Teachers-in-training are stressed-out before they enter the classroom
Opinion: Following the onerous process of qualifying, the career path of most new teachers is frustrating and poorly remunerated
It is time that we re-examine the role of teachers and the contribution they make to the formation of our young people
Newly qualified teachers are speaking out about the lack of pay parity for those who have joined the teaching profession since 2011. This gap in pay is all the more regrettable considering those now in training will be educated to master’s level: the first cohort of such graduates will qualify from University College Dublin at the end of this academic year.
For many of these students, graduation represents the culmination of six years’ engagement in higher education. For this group of soon-to-be teachers, signing up to a master’s level teaching qualification has been a huge investment, financially, professionally and personally.
The recent move to master’s level award reflects the widely accepted view that initial teacher education – or teacher training, as it is commonly known – is considered one of the most important factors in ensuring a well-performing public education system.
Those countries the OECD considers to have high-performing education systems (such as Finland, Canada and Singapore) have all prioritised investment in initial teacher education. In Ireland, as in the aforementioned countries, teaching is considered an attractive career, with high social status.
Commenting on the high calibre of entrants to teaching in Ireland, the recent Sahlberg report on initial teacher education noted that “the academic standard of applicants is among the highest, if not the highest, in the world”.
For those choosing to train to become a teacher, programmes are rigorous and demanding, and all programmes now require ongoing accreditation by the Teaching Council, the regulatory body for the profession.
The master’s award allows a greater focus on the development of teachers’ research skills so that, once qualified, they can use educational research to inform their day-to-day work.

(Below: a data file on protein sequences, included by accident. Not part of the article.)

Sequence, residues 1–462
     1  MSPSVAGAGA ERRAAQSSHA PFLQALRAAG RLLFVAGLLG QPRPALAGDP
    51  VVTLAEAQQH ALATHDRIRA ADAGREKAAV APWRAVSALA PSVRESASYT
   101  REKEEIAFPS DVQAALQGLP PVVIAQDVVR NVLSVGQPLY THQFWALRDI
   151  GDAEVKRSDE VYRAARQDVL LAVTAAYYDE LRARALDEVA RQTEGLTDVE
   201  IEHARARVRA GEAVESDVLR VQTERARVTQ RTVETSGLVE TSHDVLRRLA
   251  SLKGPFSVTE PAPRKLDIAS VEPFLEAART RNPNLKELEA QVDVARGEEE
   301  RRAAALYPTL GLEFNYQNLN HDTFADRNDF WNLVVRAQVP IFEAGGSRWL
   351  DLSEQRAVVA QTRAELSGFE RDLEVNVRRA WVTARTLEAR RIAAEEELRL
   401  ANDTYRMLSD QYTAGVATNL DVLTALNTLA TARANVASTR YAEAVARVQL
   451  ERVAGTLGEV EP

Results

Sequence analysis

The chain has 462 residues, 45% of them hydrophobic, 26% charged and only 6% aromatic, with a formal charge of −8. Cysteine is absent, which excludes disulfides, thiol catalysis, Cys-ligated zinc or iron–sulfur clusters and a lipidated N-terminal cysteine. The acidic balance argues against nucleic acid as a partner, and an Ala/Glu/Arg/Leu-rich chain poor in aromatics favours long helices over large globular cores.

Greater opportunities for rigorous, systematic practice-oriented inquiry means that teachers can understand their own professional development through critical reflection on their emerging thinking and practice.
The quality-assurance process of checking candidates’ eligibility to train as teachers has been tightened in order to ensure that those entering the profession have the requisite knowledge to teach subjects for which they are qualified and hence ultimately registered.
The mechanisms for ensuring proper induction into the profession as well as ongoing professional development have also been reviewed and streamlined. Teachers’ lifelong professional learning and career development is a key policy priority at EU level and internationally, and a national framework for teachers’ learning has recently been devised in the Irish context.
This quality culture is to be welcomed, safeguarding as it does the professional status of teachers, as well as having a positive impact on pupil experience and outcome.
The welcome reform of the structure of initial teacher education has not, however, been accompanied by the requisite funding to support the reform agenda.
This is being felt acutely not only by newly qualified teachers but also by higher-education institutions and student teachers, as well as by the partner schools that host them, and in particular by the experienced teachers (co-operating teachers) who play a key role in mentoring student teachers.
Student teachers work in schools and attend university, putting in long days and juggling the teaching load and the requirements of a master’s-level programme. Many are forced to take up casual employment in order to pay their fees and living expenses, and hence are visibly exhausted and stressed in lectures. Levels of anxiety and attrition are considerable.
Following the onerous process of securing qualification and registration, the career path of most new teachers is frustrating and poorly remunerated. Many are forced to emigrate in order to secure meaningful employment. The loss not only to our education system but to the wider society is profound.
It is time that we re-examine both the role of teachers and the contribution they make to the formation of young people.
For many such young people, teachers are role models who provide not only a significant knowledge base, but play wider and arguably more significant pastoral care roles at this critical formative phase.
If we continue to undervalue the role of teachers and to provide an inadequate model of funding for their training and their eventual employment, we will no longer be in a position to attract and retain the brightest and the best.
- Dr Judith Harford is a senior lecturer at UCD’s school of education